I was recently speaking with a friend who posed an intriguing question.

“Is it God’s will, or for that matter appropriate for Christians to criticize or scold harshly Non-Believers or those who do differently than the bible says?”

I told this friend that my opinion on the matter was no I personally did not believe it to be appropriate. I continued to explain that I was not going to answer based on my opinion alone. I needed to look deeper into the “Is It God’s Will” portion of the question deeper. My friend, of course, knowing that they triggered my deep thought encouraged me to look into it. Later that week, during my mediations and reading of God’s Word, I began to dig into my Bible on this very topic.

I opened this search with my little prayer I raise during these moments, I pray

Amazing Lord, guide me in your word, show me your will and course you wish me to follow, Amen.”

I read through several stories and singular scriptures, I boiled down my readings to the word “rebuke.” I consulted the Merriam-Webster Dictionary, which defines rebuke as:

“to criticize sharply, an expression of strong disapproval or to reprimand.”

I know “Rebuke[ing] was very heavy in the Old Testament and before the Crucifixion of Jesus. I wanted my inquiry to focus on where does “Rebuke[ing] come into focus after Jesus’s sacrifice on the Cross. This set my search into the usage of “Rebuke” in the New Testament.

Image by Edward Lich from Pixabay

An interesting discovery to share. The word “Rebuke” appears extensively in the King James Translation – Old Testament about 32 times, but this high number is caused mostly by the old English writing style. It appears only 12 times in the New Living Translation – Old Testament.

Counting the instances the word “Rebuke” it appears 6 times in the New Testament – New Living Translation. In the King James Translation, “Rebuke” appears 12 times (because of the Old English writing style).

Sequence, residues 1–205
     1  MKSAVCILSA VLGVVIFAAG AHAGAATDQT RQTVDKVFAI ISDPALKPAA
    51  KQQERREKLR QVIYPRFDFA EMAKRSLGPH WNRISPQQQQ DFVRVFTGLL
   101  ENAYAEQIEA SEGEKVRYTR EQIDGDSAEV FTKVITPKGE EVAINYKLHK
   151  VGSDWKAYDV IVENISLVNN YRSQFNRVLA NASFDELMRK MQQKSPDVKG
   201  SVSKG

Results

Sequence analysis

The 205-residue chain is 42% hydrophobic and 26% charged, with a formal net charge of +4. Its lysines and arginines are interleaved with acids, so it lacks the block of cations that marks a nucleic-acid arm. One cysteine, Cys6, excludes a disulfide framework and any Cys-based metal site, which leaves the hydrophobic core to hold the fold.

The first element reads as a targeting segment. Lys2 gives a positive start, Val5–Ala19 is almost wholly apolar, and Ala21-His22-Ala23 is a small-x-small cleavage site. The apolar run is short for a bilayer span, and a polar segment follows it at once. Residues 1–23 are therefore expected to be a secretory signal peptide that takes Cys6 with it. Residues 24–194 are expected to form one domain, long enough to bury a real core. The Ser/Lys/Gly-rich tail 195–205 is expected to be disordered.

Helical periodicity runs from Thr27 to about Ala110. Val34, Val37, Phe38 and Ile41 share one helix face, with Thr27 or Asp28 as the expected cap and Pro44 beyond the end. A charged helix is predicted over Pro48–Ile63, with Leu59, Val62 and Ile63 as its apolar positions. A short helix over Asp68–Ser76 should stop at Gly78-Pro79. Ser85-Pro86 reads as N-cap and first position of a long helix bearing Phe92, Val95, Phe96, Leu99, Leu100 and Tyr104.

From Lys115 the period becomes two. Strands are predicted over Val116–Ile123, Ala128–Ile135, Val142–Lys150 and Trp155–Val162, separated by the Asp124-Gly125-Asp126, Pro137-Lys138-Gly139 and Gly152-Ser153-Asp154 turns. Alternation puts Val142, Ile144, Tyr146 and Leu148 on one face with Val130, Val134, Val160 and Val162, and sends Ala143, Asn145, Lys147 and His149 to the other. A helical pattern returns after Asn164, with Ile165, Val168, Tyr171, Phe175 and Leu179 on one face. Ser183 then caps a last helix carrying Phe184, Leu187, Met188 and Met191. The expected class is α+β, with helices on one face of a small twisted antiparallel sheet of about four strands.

On the advice of a colleague in ministry, I was cautioned to look deeper into the word “rebuke.” The reason being is that words defined today do not always match up with the intended usage and definition of the time they were written. I proceeded to explore the origin of the word “rebuke” as used in the New Testament. The transliterated origin of “Rebuke” is the Greek word “Epitimao”.

In comparison, now with the Merriam-Webster Dictionary definition, there are other aspects we need to consider with this word. “Rebuke” may have more profound significance than just “to criticize sharply.”

Now that I’ve explained the origin of this blog article, and explored the origin and definitions we need, let’s look into the 6 New Testament scriptures where instances of “rebuke” appear, and relate these definitions to clarify our overall understanding.

Rebuke is transliterated to the Greek Word “Epitimao” (ep-ee-tee-mah’-o). A verb which according to the New American Standard Greek Lexicon is defined as:

  1. to show honour to, to honour [honor]
  2. to raise the price of
  3. to adjudge, award, in the sense of merited penalty
  4. to tax with fault, rate, chide, rebuke, reprove, censure severely
    1. to admonish or charge sharply

Thayer and Smith. “Greek Lexicon entry for Epitimao.” “The NAS New Testament Greek Lexicon.” 1999.


Teachings about Forgiveness and Faith

– Luke 17:1 – 4 (NLT)

​1 One day Jesus said to his disciples, “There will always be temptations to sin, but what sorrow awaits the person who does the tempting! 2 It would be better to be thrown into the sea with a millstone hung around your neck than to cause one of these little ones to fall into sin. 3 So watch yourselves!